After the bottom-table games—GM Benjamin Bok vs. GM Pouya Idani and Max Warmerdam vs. IM Seyed Khalil Mousavi—ended in draws, the other two boards looked equal for a long time. Though GM Anish Giri sacrificed an exchange against GM Parham Maghsoodloo, he couldn’t progress in the resultant locked endgame:

GM Parham Maghsoodloo of Iran. Photo: Maria Emelianova/


Thus, it was left for the cliff-hanger game between GM Amin Tabatabaei and GM Jorden van Foreest where the Iranian made an interesting exchange sacrifice in the opening, an invention of GM Vladimir Kramnik. Further, Tabatabaei even tortured his opponent in that familiar nightmare of a chess player—rook and bishop vs. rook endgame, but van Foreest defended steadily to force a draw:

Tabatabaei vs. van Foreest. Photo: Maria Emelianova/


Another interesting clash of the day was between the top-seeded U.S. and 25th-seeded Greece. On the top board, after his uneven performance in the tournament so far, GM Fabiano Caruana showed his aggressive intentions by adopting the sharp Sveshnikov variation of the Sicilian Defense and scored an impressive victory:

But on the second board, GM Levon Aronian mishandled a promising position and lost to GM Nikolas Theodorou:

Greece vs. the U.S. in progress. Photo: Maria Emelianova/


Finally, in an advantageous rook ending, GM Wesley So pressured his opponent to give the U.S. a winning advantage:

Ireland’s Murphy continues to impress and defeated his fourth grandmaster opponent for a score of 7.5/8 in the tournament:

The Ireland team in action with GM Alexander Baburin and IM Conor Murphy (from right) on the top two boards. Photo: Maria Emelianova/


Women’s Section

In the top-table encounter between erstwhile leader India and Poland, GM Harika Dronavalli seemed to build up a clear advantage against GM Monika Socko:

GM Harika Dronavalli of India. Photo: Stev Bonhage/FIDE.


The match turned in Poland’s favor when in-form Kiolbasa prevailed over Vaishali in a drawish ending when the latter tried to overpress:

Thus, Poland managed to defeat the tournament leader India 2.5-1.5.

On the second table, in a battle of heavyweights on the top board, former world women’s champion GM Mariya Muzychuk missed an opportunity to gain a significant advantage against GM Nana Dzagnidze:

The Georgian team in action. Photo: Maria Emelianova/


In another all-GM encounter on the second board, GM Nino Batsiashvili defeated GM Anna Muzychuk in a tactical encounter:

On the fourth board, IM Nataliya Buksa equalized the scores for Ukraine by defeating IM Meri Arabidze in a kingside attack:

Kazakhstan’s win over Bulgaria featured a well-played game by GM Zhansaya Abdumalik:

Germany stays in the medal hunt with 14 match points, in the second group of countries behind the leaders. Their best scorer has been WGM Jana Schneider (rated 2342) who has played in every round of the tournament and has scored an impressive 8.5/9 so far with a performance rating of 2453. In the ninth round, she defeated WCM Zoe Varney of England:

The German team: IM Elisabeth Paehtz (seated), (l-r) WGM Josefine Heinemann, GM Yuri Yakovich (captain), WGM Hanna Marie Klek, and WGM Jana Schneider. Photo: Maria Emelianova/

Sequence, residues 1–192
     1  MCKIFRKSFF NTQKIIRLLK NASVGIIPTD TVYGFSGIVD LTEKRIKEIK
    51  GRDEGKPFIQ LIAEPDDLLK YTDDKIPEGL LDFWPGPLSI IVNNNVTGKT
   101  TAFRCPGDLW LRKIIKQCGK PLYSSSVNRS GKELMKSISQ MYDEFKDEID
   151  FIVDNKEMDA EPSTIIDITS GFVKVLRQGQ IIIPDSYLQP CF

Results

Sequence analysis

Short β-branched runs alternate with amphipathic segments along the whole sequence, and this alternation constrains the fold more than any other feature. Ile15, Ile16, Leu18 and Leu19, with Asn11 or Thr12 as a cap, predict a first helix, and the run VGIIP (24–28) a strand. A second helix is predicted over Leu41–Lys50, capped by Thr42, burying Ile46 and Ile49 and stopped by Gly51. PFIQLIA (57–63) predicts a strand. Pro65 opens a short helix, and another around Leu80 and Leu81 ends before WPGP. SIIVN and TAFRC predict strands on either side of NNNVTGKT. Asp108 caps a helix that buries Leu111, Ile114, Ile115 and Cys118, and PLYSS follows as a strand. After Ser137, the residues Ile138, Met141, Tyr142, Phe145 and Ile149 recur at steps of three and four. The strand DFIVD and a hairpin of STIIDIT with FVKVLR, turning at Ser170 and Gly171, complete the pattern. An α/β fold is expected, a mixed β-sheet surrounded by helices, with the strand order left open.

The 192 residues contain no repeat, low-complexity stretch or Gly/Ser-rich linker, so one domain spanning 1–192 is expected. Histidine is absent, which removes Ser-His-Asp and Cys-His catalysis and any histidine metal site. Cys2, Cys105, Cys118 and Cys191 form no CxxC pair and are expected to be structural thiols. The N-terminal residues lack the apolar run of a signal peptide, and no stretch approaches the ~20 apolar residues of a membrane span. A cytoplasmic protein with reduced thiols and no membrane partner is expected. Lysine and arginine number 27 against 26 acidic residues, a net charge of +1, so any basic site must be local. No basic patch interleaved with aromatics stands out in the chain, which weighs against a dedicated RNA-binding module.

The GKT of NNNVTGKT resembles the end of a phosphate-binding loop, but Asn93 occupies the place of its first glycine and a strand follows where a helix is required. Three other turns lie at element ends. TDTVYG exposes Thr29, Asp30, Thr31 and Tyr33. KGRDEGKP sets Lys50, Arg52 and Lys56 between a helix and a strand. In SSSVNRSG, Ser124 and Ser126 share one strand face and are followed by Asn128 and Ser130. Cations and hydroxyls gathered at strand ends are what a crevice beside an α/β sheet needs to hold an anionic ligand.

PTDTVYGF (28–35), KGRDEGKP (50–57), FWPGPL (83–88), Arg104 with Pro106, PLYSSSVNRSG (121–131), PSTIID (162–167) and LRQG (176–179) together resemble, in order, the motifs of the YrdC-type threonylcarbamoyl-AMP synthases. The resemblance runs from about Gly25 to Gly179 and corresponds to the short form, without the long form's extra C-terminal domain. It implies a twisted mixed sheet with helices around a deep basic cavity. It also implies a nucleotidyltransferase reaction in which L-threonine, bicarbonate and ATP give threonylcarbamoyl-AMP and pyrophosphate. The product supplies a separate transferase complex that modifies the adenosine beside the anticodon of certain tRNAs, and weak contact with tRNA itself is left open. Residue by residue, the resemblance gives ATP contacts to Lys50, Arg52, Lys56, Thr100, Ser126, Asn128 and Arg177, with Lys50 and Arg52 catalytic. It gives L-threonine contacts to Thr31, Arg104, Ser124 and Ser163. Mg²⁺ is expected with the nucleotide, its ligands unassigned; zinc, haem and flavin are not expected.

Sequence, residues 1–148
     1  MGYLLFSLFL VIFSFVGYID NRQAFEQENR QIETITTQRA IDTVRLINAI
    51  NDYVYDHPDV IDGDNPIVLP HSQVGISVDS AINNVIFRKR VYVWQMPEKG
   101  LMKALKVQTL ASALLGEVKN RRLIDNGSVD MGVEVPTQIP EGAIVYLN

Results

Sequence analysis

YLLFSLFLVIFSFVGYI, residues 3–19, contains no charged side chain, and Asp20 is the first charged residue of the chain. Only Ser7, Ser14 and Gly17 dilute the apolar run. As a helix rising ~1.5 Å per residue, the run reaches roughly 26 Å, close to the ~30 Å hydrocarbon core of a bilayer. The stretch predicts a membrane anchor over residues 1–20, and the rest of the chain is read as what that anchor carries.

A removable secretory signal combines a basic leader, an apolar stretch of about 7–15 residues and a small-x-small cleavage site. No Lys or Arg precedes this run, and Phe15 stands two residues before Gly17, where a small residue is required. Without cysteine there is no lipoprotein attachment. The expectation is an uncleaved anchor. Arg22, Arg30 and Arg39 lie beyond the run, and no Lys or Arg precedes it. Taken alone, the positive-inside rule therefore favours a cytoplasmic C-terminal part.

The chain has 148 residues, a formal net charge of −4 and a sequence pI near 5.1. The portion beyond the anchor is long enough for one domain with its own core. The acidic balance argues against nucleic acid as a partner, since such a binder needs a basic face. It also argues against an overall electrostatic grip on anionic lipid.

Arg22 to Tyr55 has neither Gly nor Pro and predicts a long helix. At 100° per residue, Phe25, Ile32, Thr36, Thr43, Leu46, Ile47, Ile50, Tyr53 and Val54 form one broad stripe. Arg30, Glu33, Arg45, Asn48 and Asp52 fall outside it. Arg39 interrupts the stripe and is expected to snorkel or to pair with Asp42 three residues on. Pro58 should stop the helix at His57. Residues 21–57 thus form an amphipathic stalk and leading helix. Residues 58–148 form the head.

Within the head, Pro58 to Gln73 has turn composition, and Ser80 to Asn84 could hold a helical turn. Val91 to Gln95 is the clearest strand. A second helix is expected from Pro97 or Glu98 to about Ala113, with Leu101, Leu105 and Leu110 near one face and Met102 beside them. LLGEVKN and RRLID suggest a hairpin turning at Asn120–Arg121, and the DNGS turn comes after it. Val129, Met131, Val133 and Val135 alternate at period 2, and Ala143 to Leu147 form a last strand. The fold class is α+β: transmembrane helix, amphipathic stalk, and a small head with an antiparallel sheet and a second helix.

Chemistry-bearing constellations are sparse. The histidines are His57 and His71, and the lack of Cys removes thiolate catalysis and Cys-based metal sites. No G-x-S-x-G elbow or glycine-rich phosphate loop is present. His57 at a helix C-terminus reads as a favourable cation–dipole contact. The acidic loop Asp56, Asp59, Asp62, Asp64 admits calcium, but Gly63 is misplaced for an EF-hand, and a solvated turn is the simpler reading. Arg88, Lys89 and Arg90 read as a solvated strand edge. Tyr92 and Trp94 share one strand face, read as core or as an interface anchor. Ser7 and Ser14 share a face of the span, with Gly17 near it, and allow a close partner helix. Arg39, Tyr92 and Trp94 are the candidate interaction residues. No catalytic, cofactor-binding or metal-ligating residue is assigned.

See full results here.

The 44th FIDE Chess Olympiad and Women’s Chess Olympiad are over-the-board team events where national chess federations compete in classical games for gold medals, trophies, and the title of strongest chess nation in the world. The event consists of an 11-round Swiss tournament where each player from a national team plays against another player from the opposing national team. Teams receive “game points” for winning or drawing games and “match points” for winning or drawing a match. Teams with the most match points for each section become the champions of their section, with a third award going for the team with the most points from both sections combined.

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Armenia, Uzbekistan Share Lead In Open; India Leads In Women’s


The 12th-seeded Armenia defeated the sixth-seeded Azerbaijan with a convincing 3-1 victory to reach 17 match points and become the joint leaders at the end of the 10th and penultimate round of the 44th FIDE Chess Olympiad. Dramatic developments in the fifth hour of play enabled the 14th-seeded Uzbekistan to save a 2-2 draw against the 11th-seeded India 2 to join Armenia in lead.

The top-seeded U.S., which defeated 21st-seeded Turkey by a 3-1 margin, and second-seed India, which defeated 13th-seeded Iran by a 2.5-1.5 margin, join India 2 on 16 match points to keep their medal hopes alive.

India defeated Kazakhstan by a 3.5-0.5 margin to continue to lead the FIDE Women’s Chess Olympiad with 17 match points. Going into the last round, Poland, Azerbaijan, Ukraine, and Georgia are tied for second-fifth places with 16 match points.

Because the Open and Women’s leaders are separated by just one match point from their second-place competitors, a high-pressure last round is in the offing in both sections.


Olympiad Captains

It is difficult to define the role and impact a captain can have on a team. An active captain can do a lot: pre-tournament training, deciding the board order, everyday opening preparation, attending to everyone’s individual needs, psychological consultations (counselings!), presence during the games and finally, a pat on the back after a game. But all of this is generally subtle: the outside world never knows the full extent of the work of a captain unless we see it at the playing arena. The penultimate round brought it all in the open, as the battle for medals took dramatic proportions: